DimensionalMap project and 1.0a1 Release
Specifically, I took the WeakMap API and redefined it for a multi-dimensional hashtable. I think my Concepts wiki page has a pretty good explanation of the problem I’m trying to solve:
Consider a HTML table:
The pattern behind this table’s layout is pretty obvious to us in two dimensions: the center has 1, and as you move in a spiral, you increment the value assigned to each cell. But if you didn’t know the pattern, or were simply storing data (as this article does), how would you do it?
The typical answer is to define a two-dimensional array – more specifically, an array of arrays. This is in fact precisely what HTML does. Observe the markup for the above table:
<table border="1" style="width: 200px">
This long string of characters serializes a two-dimensional array as a HTML table. This works fine when I need to store only two dimensions of data. But where might I put the number 10, if in neither an adjacent row nor an adjacent column? An adjacent floor, perhaps – a third dimension?
There’s a key assumption here. The assumption is that our data structure already has all the dimensions it will need. To add another dimension, another degree of freedom, you’d have to rewrite the data structure entirely. A HTML table is clearly not capable of handling three dimensions – nor do I mean to suggest it should. Here, it’s just an example.
The DimensionalMap library is supposed to give its users the ability to store data in its space, validate the keys (coordinates) being passed in, and add new dimensions to its space.
I also wrote a quick-and-dirty mockup of the Document Object Model to test DimensionalMap against. I found four specific uses for DimensionalMap in the mockup:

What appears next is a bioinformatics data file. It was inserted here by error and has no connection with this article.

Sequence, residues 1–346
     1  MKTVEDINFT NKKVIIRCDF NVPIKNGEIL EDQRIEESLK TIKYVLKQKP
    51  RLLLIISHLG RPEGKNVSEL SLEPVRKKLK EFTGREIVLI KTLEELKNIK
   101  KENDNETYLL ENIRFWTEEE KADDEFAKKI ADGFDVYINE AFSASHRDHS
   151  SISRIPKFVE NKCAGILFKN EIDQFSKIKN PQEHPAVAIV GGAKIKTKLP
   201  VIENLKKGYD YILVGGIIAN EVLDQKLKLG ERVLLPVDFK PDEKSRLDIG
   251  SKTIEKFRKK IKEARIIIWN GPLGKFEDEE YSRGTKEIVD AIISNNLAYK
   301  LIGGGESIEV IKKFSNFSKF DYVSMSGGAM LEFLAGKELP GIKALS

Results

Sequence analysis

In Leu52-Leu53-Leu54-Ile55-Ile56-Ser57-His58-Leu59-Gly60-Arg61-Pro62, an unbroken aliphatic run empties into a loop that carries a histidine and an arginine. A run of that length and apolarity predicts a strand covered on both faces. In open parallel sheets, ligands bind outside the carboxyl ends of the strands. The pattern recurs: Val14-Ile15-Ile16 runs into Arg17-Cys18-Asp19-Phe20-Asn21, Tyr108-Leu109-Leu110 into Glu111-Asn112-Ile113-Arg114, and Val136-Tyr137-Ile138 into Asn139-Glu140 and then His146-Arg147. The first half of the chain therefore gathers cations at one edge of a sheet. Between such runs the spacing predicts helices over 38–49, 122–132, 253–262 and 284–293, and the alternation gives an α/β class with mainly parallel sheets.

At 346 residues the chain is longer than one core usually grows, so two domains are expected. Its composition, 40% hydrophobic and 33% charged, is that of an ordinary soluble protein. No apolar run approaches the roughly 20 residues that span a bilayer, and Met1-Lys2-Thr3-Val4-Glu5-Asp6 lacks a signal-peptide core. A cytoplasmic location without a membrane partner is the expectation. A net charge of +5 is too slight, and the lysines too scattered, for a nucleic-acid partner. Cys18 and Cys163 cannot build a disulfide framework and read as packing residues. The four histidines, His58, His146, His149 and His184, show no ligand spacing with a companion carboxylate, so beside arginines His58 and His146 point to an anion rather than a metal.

- Supporting namespaced DOM attributes (xlink, anyone?)
- Supporting undo and redo operations
- Reverting all “uncommitted” changes when an exception is thrown
- Shadow or anonymous content hidden from the mainstream DOM
This is an “alpha” release for two reasons:
- DimensionalMap depends on the Map and Proxy features of ECMAScript Harmony, which only Mozilla “Aurora” and Google Chrome “Dev” builds have.
- None of this code or documentation has been reviewed by anyone yet. I’m posting now because it’s time to ask for those reviews. Certainly I want to make it useful for others, not just me.
I’ve spent several months working on this, spare-time, as infrastructure for my Verbosio project. (It’s still not dead yet!) I chose the mockups test deliberately to see what challenges I would face in building my XML templates markup model – which I’ll be happy to explain to anyone interested, but it still doesn’t work.
Unlike other works of mine in the Mozilla community, this one is entirely web-safe, using to the best of my knowledge ECMAScript-compliant and Harmony-compliant code only.
As always, your feedback is most welcome!